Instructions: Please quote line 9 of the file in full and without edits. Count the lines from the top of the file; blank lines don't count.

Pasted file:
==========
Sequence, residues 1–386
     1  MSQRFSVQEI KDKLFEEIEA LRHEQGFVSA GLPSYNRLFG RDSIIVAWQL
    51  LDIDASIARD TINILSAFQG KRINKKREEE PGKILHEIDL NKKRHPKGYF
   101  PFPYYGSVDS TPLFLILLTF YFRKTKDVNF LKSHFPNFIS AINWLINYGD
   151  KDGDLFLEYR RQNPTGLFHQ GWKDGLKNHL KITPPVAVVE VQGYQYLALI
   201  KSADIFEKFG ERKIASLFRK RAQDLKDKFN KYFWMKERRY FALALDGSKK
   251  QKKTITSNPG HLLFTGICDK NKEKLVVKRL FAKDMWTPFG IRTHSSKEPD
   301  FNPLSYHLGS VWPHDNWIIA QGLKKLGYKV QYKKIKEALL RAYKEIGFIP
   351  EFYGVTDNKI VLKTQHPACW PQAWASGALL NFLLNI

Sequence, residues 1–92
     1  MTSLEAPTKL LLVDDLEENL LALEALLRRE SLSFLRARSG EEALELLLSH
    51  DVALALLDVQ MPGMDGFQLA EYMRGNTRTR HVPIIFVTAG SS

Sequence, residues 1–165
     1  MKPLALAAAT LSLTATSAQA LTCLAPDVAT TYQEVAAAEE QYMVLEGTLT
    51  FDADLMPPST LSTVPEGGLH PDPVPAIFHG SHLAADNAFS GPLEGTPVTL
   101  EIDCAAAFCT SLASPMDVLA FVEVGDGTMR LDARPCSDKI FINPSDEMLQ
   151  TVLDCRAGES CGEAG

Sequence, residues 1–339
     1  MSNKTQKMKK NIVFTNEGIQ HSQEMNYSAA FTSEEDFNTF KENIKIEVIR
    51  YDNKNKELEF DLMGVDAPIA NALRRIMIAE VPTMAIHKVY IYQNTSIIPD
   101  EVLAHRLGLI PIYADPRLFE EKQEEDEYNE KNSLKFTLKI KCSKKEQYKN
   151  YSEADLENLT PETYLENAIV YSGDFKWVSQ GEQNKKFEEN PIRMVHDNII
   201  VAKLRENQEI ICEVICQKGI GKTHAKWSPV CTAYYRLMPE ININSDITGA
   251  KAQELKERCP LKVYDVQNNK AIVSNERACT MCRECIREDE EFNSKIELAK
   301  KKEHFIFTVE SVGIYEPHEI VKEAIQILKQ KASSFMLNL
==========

   351  EFYGVTDNKI VLKTQHPACW PQAWASGALL NFLLNI